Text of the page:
Skip to Content

Embodied States: Conceptualizing Corporeality, Literature, and Visual Cultures in an Age of AI

«Back To Seminars

Organizer: Lisa DeTora

Co-Organizer: Jodi Cressman

Contact the Seminar Organizers

This seminar considers embodied states in global literary and cultural forms as they may be understood in the age of AI, broadly conceived. We seek presentations that consider the stakes of AI in the context of prior racist, sexist, and ableist hierarchies and privilege, especially past histories and cultural forms that continue to require analysis and intervention. We consider the current age of AI as one that undercuts embodied realities and corporeality by creating alternative worlds in digital spaces, erasing past and present experiences and knowledge. However, current AI exists in a cultural and historical continuum that has been represented in prior fictional and nonfictional sources.

Donna Haraway first explained the arbitrary nature of the divisions between categories such as human, animal, and machine that were often treated as an inevitable result of essential and material differences. The subsequent rise of posthuman theories emphasized that the categorical divisions between embodied states are performative and imagined, embedded within a matrix of cultural concerns that normalize political and juridical privileges based on embodied states such as gender, sex, ability, or even literacy. Until relatively recently, the priority of studies and disciplines that seek to intervene in prior histories and practices of inequity seemed well-accepted.  However, more recent political turns have upended hard-fought gains, calling into question the essential rights and personhood of the majority of the world’s inhabitants.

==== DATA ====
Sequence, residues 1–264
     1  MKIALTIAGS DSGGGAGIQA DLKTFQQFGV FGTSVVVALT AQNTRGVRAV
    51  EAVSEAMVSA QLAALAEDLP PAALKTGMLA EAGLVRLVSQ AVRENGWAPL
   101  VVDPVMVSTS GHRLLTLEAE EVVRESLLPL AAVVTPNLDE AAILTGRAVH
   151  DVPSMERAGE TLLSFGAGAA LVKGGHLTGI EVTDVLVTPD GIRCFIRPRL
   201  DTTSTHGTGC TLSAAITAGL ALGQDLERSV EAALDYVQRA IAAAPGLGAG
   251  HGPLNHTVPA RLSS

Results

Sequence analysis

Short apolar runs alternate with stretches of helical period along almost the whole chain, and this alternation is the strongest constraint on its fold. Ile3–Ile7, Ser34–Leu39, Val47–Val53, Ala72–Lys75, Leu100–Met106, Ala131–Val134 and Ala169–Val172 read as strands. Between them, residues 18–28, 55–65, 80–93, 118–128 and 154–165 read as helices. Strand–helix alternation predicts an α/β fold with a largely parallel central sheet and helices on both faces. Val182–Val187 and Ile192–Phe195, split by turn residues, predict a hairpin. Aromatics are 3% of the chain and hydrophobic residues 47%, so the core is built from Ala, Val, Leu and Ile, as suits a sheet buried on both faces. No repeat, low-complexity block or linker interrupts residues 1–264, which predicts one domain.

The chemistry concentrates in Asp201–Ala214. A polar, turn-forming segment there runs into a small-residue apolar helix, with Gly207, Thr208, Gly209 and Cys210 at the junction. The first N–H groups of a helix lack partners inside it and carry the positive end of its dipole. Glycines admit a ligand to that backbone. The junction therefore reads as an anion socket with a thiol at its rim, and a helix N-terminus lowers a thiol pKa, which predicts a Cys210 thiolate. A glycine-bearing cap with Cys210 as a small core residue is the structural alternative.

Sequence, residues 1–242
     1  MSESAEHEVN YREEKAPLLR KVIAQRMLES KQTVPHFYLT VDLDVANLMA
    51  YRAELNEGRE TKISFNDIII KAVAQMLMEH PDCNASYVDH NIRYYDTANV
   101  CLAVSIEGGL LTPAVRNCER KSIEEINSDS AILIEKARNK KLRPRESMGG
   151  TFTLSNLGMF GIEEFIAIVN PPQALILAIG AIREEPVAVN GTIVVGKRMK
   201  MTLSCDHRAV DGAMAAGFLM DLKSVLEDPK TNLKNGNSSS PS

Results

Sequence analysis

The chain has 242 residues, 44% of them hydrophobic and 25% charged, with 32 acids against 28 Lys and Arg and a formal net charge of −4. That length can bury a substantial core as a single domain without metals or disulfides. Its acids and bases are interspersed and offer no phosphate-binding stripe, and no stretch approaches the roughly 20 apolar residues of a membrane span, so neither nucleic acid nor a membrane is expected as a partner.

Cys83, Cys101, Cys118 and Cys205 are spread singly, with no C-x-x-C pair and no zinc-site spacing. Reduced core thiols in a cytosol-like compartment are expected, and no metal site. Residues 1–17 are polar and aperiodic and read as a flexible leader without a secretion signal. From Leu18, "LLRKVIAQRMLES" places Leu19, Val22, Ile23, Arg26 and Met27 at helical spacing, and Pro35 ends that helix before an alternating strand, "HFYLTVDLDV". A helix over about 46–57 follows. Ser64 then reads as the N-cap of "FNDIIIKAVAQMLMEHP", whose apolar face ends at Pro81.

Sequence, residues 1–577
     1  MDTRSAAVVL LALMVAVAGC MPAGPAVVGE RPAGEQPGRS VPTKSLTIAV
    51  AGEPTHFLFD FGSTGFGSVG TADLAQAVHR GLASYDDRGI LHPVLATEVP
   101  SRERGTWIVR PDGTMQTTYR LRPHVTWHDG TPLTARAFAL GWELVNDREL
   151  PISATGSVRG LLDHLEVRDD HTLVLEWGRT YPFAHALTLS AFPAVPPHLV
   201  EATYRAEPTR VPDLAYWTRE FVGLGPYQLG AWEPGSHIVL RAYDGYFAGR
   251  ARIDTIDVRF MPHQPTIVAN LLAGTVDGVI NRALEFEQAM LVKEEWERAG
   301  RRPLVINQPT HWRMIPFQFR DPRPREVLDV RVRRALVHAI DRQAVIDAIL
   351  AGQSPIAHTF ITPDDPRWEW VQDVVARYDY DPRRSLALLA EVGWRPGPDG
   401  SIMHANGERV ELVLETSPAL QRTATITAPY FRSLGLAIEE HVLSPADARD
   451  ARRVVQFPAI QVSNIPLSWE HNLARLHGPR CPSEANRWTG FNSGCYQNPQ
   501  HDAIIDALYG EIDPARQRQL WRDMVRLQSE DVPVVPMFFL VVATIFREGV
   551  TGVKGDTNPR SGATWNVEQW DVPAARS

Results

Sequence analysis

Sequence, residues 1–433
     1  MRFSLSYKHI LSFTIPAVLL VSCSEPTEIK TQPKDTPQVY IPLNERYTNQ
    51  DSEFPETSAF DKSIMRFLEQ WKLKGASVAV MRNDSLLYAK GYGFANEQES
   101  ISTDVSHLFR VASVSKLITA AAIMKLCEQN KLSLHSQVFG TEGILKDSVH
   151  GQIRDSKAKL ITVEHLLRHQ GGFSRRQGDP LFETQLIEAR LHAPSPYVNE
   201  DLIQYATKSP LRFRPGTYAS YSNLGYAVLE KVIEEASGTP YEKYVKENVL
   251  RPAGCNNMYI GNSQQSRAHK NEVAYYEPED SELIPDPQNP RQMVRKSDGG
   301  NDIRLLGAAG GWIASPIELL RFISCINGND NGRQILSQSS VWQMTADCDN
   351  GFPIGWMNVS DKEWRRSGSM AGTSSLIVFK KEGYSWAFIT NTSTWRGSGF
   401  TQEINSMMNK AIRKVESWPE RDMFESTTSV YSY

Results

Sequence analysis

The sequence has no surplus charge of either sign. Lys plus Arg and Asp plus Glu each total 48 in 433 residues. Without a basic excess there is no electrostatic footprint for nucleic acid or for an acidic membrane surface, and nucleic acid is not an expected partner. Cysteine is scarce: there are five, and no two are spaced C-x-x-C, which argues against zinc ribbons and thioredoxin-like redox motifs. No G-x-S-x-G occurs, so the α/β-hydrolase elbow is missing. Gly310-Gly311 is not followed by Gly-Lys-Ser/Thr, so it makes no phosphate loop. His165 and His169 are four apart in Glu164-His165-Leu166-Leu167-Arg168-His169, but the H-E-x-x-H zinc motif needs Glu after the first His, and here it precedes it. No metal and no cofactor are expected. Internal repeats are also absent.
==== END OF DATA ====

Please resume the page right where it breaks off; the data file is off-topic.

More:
The role and function of AI in reinforcing such inequities is relatively well known.  Employment algorithms routinely eliminate women and persons of color from applicant pools, facial recognition systems fail to register persons of color, and AIs normalize white men as earners.   These moves retroactively erase decades of progressive inquiry into various kinds of embodied states that our panel seeks to elevate.  How can scholars in the humanities and social sciences use their knowledge and skills to intervene in current systems of inequity and regain ground that is being lost?

We welcome essays and presentations that consider these questions in the light of literature and culture from any period or world region.  Essays might consider, but are not limited to:

  • How prior histories of technological innovation impact current understandings of embodied experiences and corporeality in literary and cultural sources

  • AIs in belletristic literary sources

  • Literary and cultural forms that combine different technologies—images, sounds, text, etc—to represent embodied states

  • Feminist and other critical approaches to speculative fictions that represent artificial intelligences, including Afrofuturism, African Futurism, or Techno-Orientalism

  • Past representations


«Back To Seminars